Currently, there are 17 epayment companies in Indonesia. Names like Veritrans, Coda, and2c2p come to mind. Some people say competition is good for a tech startup scene. It forces the players in a given space to one-up each other to better serve a market. Folks like Peter Thiel may disagree, however, arguing “creative monopolies” are better. With this in mind, one question to answer is: Which school of thought can best be applied to Indonesia’s epayments space?
Earlier today, DailySocial ran a short piece about PayPal looking to hire a country manager in Indonesia. The scoop is interesting, as 80 percent of Indonesia’s population is unbanked, and less than five percent own credit cards. Epayments is one of the most complex challenges that consumers and internet businesses face in the archipelago.
As far back as 2012, PayPal was already taking an interest in the island nation, having partnered with epayments gateway Doku and fellow local player iPaymu to offer merchantscross-border transaction capabilities. Last month at Startup Asia Jakarta 2014, founder and COO of Doku Nabilah Alsagoff said the topic couldn’t be more timely, as ecommerce is set to grow significantly this year and the public is becoming increasingly comfortable spending online.
See: Epayment gateway Doku records $1.1 billion in transactions
One dominant player could mean faster universal adoption
Local ecommerce entrepreneurs may tell you that a lack of trust when shopping online is becoming less of a problem in Indonesia. But according to the Indonesian Ecommerce Association (idEA), out of the nation’s 75 million internet users, 34.5 million expect to make their first online purchase next year, and 40 percent of the nation’s non-recent eshoppers worry about the security of their financial information on the internet.
When PayPal became arguably the most dominant epayments company in the West, user adoption was observably viral. In the year 2000, people started talking about the brand after it reached a million users on eBay. When it gained more than 100 million active accounts in 193 markets and 26 different currencies, the company could legitimately say that it was “one of the world’s most trusted ways to pay and get paid.” Gordon Crovitz of theWall Street Journal writes, “PayPal became a favorite way to pay online once it achieved a critical mass of buyers and sellers. ”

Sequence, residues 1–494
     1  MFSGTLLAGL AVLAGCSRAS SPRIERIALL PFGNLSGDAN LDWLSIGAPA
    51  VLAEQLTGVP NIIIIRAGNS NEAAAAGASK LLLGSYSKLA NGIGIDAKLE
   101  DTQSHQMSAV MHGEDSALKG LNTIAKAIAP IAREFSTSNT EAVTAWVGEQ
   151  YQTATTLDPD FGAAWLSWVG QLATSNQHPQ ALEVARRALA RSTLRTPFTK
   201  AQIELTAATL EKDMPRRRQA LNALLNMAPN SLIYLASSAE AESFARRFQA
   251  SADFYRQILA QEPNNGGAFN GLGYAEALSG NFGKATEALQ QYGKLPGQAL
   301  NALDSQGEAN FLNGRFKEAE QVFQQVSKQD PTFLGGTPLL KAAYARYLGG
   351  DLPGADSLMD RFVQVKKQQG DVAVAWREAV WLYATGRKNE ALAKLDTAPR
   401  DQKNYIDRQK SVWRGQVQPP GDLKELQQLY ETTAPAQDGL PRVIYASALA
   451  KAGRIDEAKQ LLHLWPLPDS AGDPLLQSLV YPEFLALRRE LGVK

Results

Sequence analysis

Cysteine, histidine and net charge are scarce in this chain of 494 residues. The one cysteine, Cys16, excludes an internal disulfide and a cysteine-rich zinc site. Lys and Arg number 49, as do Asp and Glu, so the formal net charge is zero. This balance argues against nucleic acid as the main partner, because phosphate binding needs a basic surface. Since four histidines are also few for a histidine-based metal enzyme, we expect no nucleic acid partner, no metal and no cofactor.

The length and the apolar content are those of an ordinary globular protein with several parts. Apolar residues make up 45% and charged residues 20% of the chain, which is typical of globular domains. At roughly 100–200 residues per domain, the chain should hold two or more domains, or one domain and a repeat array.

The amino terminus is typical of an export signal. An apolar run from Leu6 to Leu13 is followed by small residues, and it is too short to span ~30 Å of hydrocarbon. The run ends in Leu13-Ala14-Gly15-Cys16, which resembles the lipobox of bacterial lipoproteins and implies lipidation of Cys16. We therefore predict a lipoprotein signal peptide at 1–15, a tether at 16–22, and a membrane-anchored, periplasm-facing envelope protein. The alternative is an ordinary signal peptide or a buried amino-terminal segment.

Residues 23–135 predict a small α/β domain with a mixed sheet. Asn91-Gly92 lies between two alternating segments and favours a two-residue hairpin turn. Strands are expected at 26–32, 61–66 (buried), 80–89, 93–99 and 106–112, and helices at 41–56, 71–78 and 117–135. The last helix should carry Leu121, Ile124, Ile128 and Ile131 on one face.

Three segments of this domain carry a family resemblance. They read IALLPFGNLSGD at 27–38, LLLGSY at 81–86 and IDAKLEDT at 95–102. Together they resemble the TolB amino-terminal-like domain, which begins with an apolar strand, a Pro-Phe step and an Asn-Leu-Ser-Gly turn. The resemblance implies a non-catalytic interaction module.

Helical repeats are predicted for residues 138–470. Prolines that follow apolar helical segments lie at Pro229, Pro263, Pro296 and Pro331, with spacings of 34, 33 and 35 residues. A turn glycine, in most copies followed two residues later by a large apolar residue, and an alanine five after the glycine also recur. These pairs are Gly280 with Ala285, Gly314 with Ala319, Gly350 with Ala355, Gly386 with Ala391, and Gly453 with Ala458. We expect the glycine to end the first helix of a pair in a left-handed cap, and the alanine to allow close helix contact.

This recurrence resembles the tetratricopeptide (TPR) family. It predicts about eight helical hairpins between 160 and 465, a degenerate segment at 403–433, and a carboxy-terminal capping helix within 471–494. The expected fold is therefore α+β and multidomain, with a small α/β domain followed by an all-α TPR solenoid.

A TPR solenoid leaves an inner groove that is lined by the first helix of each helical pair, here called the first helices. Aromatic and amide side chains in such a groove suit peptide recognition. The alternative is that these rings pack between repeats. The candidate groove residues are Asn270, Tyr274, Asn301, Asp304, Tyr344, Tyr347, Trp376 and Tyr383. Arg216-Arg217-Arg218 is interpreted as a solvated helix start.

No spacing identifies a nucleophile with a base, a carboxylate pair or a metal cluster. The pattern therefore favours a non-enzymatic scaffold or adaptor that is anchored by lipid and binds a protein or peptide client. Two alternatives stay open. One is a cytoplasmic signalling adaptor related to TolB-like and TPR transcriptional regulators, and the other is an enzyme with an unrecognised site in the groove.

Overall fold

In Indonesia, the population of worried eshoppers and non-eshoppers could potentially be converted to avid online customers if all of their friends and relatives are constantly reassuring them that a single famous epayments brand is safe and secure.
An ethical monopoly could speed up the law-making process
Earlier this year, Indonesia’s central bank reported an average of 420,000 daily epayment transactions with a total value of Rp 7.7 billion (US$652,000). Around the same time, the Bank of Indonesia revised its regulations governing the nation’s epayment services, stating that epayments players were no longer allowed to strike exclusive partnerships.
This was likely done to spur healthy competition and provide an economic incentive to other firms looking to enter a lucrative space. Compelling cases can be made for and against this regulation, but one downside is that the rule makes it easier for more brands to enter the sector, and thus creates more cases that potentially need to be governed and regulated. This fragmentation is amplified when brands try to out-innovate each other and create fresh new territories.
The Overseas Development Insititute characterizes Indonesia’s policy making as “slow to change.” But with regard to epayments, if one brand was allowed to organically and ethically corner the market, lawmakers would only be dealing with one slippery animal instead of many.
Darwin on epayments
Arguably, PayPal is in a league of its own, alongside other iconic firms like Google, Microsoft, and Apple. But what these companies have in common is that they are consistently able to produce innovative products at scale, perhaps partly because their market dominance allows them the lateral freedom to focus on serving the users instead of one-upping the competition.
One thing is almost certain: If PayPal is setting up an office in Indonesia, the epayments space is sure to liven up with competition and maybe accelerate the archipelago’s natural selection of a dominant player.